You need to explain more. Bottom line is that his current wife (at the time of his death) has certain rights - the extent of those rights depends on a number of factors. See an attorney.
This is not legal advice nor intended to create an attorney-client relationship. The information provided here is informational in nature only. This attorney may not be licensed in the jurisdiction which you have a question about so the answer could be only general in nature. Visit Steve Zelinger's website: http://www.stevenzelinger.com/
Steven is correct. To determine what, if anything you and your brother are entitled to, you should talk with an experienced probate attorney.
Three vocabulary words and concepts might be of some help (there are many more that may be applicable to your situation):
1--"Testate" From your question, it appears that your father died "testate." That means having prepared a will. To the extent the will was validly executed, it should generally control how his PROBATE estate transfers to heirs. On the flip side, someone who dies without a valid will is described as dying "intestate." For those estates the applicable state law of intestate succession will apply to determine who is a proper heir and what their proper inheritance share is.
2--The "probate estate" includes ONLY those assets that your father owned in his name only. Any assets that were subject to any kind of beneficiary designation or transfer on death designation ARE NOT part of his probate estate. Likewise, any assets that are owned in "joint tenancy" will not be part of his probate estate, as joint tenancy assets automatically become the property of the surviving co-owner on death.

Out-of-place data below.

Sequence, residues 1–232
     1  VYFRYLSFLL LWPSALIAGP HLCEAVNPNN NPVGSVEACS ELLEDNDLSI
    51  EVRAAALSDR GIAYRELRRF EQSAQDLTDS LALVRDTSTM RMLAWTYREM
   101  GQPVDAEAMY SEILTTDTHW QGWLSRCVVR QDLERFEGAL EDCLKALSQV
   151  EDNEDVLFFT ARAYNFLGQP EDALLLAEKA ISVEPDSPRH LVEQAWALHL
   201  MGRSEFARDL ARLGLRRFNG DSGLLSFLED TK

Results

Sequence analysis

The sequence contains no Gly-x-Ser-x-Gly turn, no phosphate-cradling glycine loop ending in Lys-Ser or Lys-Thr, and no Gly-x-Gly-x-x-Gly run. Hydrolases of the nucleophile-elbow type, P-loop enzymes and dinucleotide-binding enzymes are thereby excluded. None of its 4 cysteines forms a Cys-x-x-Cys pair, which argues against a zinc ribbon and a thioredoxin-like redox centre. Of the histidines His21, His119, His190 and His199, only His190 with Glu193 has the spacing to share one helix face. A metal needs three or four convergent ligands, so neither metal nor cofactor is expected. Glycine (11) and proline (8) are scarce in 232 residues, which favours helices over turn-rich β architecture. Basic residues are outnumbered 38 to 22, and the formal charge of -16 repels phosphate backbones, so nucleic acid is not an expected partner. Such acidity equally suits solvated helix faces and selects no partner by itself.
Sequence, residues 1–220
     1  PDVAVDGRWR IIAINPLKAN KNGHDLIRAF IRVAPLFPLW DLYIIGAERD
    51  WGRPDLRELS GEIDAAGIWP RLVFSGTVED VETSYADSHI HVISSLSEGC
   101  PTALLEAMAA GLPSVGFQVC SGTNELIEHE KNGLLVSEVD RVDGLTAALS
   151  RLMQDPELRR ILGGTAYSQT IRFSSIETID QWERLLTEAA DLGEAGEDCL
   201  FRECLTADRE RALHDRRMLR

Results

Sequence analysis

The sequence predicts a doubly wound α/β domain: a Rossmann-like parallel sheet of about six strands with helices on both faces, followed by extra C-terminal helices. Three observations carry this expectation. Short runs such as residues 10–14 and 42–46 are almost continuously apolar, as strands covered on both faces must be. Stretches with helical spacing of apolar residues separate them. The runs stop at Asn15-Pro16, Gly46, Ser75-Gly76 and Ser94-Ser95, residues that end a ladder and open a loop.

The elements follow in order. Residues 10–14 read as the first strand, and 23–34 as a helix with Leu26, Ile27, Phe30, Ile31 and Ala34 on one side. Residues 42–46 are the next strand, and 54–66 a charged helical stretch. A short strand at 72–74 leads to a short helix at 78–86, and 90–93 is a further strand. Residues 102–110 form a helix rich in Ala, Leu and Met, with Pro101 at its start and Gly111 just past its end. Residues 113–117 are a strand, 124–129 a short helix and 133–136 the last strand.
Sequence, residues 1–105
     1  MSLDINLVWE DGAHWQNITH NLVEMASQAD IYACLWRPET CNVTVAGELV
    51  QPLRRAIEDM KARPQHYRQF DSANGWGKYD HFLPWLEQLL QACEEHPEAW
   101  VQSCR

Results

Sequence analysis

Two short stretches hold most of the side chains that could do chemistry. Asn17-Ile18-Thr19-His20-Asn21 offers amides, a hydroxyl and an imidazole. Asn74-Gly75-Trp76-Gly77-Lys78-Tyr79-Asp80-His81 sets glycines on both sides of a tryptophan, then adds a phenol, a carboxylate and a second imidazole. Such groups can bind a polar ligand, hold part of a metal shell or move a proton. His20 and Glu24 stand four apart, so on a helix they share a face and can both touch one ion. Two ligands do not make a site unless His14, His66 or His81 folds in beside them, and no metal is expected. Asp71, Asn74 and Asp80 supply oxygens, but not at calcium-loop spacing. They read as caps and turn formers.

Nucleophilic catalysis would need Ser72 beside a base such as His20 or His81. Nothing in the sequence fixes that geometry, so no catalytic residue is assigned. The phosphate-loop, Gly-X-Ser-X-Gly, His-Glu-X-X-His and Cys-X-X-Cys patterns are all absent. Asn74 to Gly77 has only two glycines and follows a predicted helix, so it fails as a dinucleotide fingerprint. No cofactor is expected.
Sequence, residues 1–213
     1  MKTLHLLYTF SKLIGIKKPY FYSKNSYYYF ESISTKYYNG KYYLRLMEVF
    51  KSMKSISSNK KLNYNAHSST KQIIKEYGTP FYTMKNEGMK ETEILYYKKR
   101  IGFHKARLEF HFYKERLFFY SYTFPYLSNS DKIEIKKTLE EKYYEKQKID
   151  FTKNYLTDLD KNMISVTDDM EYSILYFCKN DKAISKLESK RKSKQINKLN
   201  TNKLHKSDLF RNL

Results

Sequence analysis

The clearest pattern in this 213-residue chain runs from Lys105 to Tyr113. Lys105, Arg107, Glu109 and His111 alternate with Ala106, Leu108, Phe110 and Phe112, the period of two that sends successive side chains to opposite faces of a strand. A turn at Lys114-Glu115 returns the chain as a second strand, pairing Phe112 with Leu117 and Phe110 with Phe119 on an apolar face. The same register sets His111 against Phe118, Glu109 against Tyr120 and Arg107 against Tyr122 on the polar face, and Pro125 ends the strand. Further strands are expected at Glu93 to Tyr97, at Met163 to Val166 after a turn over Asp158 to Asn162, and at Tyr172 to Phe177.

3--"Spousal Election," this may or may not be the term in New York, but the concept is this--when someone dies and leaves a probate estate, the surviving spouse may have the right to "take" or "elect" their share against the estate, not withstanding the terms of the will.
Disclaimer: My answer is provided without all relevant facts, let alone your unique objectives. No attorney-client relationship is hereby created as a consequence and you should not take (or not take) any action based on my answer. I highly recommend that you consult with competent legal counsel before deciding to take or not take any action, as every situation is more complex than it appears.
I concur with the other attorneys. You haven't provided enough information to provide you with definitive answers. I'm curious how you know the size of the estate.
If his old will he executed is found and proved to be valid by the court then its terms will be followed. However, in North Carolina, a spouse has certain rights and if she files a timely renunciation will take a portion of the estate. Definitely seek experienced counsel to see where things stand and what rights you have.